21 Principles of ICH GCP Use qualified support staff Obtain informed consentRecord information appropriatelyProtect confidentialityHandle investigational products appropriatelyImplement quality systems14
22 Local RegulationsMay have more detailed regulations that apply locallyDo not conflict with national regulations15
23 Sponsor Policies US Department of Health and Human Services NIH/DAIT/DAIDSEssential Document and Source Document SOP
24 Internal SOPs Standard Operating Procedures (SOPs) Detailed instructions describing the what, when, where, and by whom of performing an activity18
27 Investigator Responsibilities* Investigator Qualifications and Agreementsqualified by education, training and experiencefamiliar with protocol, IB, IPaware of and compliant with GCPs and applicable regspermit monitoringlist of qualified personnel who are delegated duties*(ICH 4.1-9)These next few slides are taken from the ICH guidelines, chapter 4 which is all about the Investigator’s responsibilities. Investigator’s are required to ensure that the research staff (Subs, coordinators, data entry personnel) are qualified by education, training and experience to perform their study specific duties.The delegation of duties list (noting study personnel and outlining each individuals’ responsibility) must be kept current throughout the duration of the study.
29 Investigator Responsibilities* Adequate Resourcesrecruit adequate subjectssufficient timequalified staff and adequate facilitiesMedical Care of Subjectsresponsible for all trial related medical decisions*(ICH )There should also be documentation that notes site personnel have been informed and adequately trained to perform their research related responsibilities and that they understand their study specific duties.Monitors will inspect the facilities at the research site at periodic intervals to ensure that the facilities and staff remain adequate to conduct the research.
30 Investigator Responsibilities* Communication with IRBapprovalsensure complianceCompliance with ProtocolInvestigational Product (IP)proper delegation of duties*(ICH )This is something the FDA is really cracking down on lately as I’m sure you’ve heard about the recent problems with IRBs at institutions such as Duke, UAB, U of Colorado, and certainly the big issues with genetics studies at U Penn. IRB/ investigator relations problems have brought this issue to the headlines and therefore, have been and will continue to be more carefully scrutinized in the future by regulatory authorities.The system of checks and balances as set forth in the CFR and ICH requires that the PI be responsible for ensuring that his/her local IRB is compliant with CFR part 56, which outlines the guidelines for IRBs.
31 How can the PI be held responsible for what the IRB does or does not do? Document ALL interaction (verbal, electronic, written) with IRB including reminders of upcoming review requirements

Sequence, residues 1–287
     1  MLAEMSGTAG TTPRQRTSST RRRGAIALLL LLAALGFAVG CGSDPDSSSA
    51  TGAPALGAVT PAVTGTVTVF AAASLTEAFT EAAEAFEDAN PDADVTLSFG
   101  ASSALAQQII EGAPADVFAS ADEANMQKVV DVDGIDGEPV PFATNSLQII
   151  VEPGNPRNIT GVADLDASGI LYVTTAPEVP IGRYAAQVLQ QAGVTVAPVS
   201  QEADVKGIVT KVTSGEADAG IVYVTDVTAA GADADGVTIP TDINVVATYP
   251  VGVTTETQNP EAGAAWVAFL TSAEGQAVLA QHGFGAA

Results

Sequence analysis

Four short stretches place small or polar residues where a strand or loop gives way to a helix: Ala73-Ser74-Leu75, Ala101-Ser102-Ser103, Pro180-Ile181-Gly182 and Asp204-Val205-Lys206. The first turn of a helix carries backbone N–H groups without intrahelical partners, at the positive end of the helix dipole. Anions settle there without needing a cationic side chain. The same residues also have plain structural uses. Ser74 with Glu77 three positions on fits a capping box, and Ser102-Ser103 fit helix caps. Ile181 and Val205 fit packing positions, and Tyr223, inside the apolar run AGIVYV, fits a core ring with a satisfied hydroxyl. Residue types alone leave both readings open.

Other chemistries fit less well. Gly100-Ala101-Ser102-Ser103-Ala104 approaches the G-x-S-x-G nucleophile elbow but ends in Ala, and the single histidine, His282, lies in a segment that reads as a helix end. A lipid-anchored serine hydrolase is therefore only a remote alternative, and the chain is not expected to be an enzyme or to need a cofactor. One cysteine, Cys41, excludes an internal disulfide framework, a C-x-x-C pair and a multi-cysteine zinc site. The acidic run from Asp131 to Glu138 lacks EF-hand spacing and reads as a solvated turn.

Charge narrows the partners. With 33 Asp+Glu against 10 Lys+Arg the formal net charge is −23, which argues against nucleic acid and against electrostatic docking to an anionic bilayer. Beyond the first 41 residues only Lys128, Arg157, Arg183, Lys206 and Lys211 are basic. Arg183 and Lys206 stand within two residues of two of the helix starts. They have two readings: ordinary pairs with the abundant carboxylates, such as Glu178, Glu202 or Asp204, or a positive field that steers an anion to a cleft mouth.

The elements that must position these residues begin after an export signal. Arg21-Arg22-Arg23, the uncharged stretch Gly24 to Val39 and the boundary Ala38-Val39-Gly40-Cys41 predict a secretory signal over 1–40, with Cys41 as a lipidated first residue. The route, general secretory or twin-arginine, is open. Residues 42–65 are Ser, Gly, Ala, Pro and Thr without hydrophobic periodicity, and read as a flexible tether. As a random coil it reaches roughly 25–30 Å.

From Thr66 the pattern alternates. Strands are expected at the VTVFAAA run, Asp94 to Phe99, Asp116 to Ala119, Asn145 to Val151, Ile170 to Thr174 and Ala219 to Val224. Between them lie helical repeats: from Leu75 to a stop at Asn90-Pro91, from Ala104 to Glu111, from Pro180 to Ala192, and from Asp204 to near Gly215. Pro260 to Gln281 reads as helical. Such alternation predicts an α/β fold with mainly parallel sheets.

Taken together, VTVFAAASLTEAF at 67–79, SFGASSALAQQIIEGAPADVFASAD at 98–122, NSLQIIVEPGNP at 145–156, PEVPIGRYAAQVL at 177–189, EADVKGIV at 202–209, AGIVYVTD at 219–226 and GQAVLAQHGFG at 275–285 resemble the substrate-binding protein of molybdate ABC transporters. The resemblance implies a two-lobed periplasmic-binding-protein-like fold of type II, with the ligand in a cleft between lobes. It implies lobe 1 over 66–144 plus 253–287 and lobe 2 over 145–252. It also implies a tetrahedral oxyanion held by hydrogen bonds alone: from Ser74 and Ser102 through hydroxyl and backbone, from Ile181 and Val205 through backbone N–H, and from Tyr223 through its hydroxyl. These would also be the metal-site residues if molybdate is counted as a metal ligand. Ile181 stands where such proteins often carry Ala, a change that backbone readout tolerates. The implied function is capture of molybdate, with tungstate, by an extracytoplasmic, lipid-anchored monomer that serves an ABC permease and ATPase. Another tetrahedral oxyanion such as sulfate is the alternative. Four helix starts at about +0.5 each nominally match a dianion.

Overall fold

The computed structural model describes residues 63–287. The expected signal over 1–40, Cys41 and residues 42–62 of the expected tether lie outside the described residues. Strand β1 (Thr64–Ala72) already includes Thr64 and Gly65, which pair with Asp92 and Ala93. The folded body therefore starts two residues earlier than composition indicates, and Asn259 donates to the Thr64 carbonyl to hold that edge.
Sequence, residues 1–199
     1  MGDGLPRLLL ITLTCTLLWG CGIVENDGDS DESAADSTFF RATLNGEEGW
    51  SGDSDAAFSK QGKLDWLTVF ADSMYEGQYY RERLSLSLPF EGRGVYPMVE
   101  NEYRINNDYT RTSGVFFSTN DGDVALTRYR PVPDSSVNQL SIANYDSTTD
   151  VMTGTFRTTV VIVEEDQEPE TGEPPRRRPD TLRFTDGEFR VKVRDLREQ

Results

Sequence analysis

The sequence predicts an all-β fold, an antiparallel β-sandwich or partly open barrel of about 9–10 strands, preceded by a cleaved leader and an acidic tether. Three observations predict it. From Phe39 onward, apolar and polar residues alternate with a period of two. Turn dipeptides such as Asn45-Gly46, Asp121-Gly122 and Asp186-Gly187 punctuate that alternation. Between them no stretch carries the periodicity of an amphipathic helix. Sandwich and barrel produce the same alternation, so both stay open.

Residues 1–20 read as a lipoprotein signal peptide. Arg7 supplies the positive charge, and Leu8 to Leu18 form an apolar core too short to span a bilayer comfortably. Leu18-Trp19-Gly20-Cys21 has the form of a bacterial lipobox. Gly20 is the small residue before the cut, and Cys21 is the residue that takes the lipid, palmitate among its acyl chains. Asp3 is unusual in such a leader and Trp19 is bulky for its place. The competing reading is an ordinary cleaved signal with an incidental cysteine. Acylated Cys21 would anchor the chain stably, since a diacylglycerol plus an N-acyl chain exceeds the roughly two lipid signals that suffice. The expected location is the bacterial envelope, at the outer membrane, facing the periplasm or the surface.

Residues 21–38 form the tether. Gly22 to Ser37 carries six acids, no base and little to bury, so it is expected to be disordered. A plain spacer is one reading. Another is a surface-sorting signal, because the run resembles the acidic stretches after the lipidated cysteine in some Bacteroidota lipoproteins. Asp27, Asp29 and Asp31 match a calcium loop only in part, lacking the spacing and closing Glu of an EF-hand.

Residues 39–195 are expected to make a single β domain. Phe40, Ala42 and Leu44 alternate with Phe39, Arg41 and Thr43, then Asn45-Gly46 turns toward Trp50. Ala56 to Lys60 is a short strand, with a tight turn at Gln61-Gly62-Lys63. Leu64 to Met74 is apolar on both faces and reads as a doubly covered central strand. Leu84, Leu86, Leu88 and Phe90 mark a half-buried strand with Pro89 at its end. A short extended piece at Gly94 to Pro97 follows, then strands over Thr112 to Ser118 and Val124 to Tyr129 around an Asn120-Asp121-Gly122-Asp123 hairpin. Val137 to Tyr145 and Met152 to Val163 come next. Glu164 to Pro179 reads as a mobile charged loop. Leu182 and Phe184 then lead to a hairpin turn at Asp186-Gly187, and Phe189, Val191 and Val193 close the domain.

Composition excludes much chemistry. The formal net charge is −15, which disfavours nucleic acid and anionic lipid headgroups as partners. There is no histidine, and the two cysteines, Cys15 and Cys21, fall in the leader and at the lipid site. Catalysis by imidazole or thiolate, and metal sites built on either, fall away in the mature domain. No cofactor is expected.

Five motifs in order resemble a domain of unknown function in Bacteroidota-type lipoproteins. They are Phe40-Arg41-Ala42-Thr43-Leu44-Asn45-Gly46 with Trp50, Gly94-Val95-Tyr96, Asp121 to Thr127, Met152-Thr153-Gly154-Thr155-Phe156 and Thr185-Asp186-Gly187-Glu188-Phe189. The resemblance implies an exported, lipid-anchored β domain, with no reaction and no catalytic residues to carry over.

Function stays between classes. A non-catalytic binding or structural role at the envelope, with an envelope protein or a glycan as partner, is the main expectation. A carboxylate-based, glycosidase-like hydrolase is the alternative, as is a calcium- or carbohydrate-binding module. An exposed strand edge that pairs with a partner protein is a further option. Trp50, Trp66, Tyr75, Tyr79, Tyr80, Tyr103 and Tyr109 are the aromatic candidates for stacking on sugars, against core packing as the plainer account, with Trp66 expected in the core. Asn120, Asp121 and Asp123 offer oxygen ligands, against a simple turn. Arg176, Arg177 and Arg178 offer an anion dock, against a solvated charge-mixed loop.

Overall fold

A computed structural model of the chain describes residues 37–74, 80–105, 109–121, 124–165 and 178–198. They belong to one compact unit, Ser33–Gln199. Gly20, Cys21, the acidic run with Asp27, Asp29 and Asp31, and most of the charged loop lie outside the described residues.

32 Investigator Responsibilities* Regulations require IRB is aware of changes in research activity“…OHRP finds that changes to research protocol were implemented by investigators without IRB approval…”
33 Investigator Responsibilities* Randomization & UnblindingInformed ConsentRecords and Reportsensure accuracy, completeness, legibility and timeliness of datadata on CRF derived from Source Documentschanges made appropriatelyallow direct access*(ICH )The PI is responsible for making sure that randomization codes remain secure and intact. The PI also ensures that records, whether regulatory documents, source documents or CRFs are legible and, if there are corrections, deletions, additions or any changes, that these are authorized by the PI.
34 Regulatory Authorities will inquire about: Source of study subjectsDid they have the disease under studyDid they meet inclusion/exclusion criteriaWas the protocol precisely followedWere AEs reported appropriately
35 Common OHRP FindingsIRB failed to review the research at a convened meetingfailure to review grant applicationsInvestigators failed to promptly report unanticipated problems involving risks to subjects to IRB, OHRP and Sponsor
36 Common OHRP FindingsContinuing review of research was NOT substantive nor meaningfulinclude a summary of AEs and unanticipated problems# of subjects accruedsummary of recent literature, findings amendments, modifications since last reviewrelevant reports, informationcurrent consent form
37 Common OHRP FindingsIRB did not ensure additional protections for vulnerable subjectsIRB members with conflicting interest participated in reviewIRB meeting convened without Quorum (Non-scientist absent)
38 Common OHRP Findings IRB review of NIH approved consent any changes to the sample consent form related to risks or alternative procedures must be justified in writing by the investigator, approved by IRB and reflected in the IRB minutes
39 OHRP Finds that the IRB: Lacks diversityis overburdened by large volumelevel of staff support is insufficientmembers lack detailed understanding of regs. for protection of human subjectsinadequate procedures for reporting of unanticipated problems
40 We Applaud COMPLIANCE GCPs Protocol DAIT/DAIDS procedures Local regulationsRemember, if you are compliant with GCPs, the protocol, DAIDS procedural guidelines and your local state/country and IRB regulations, you will be “audit proof”.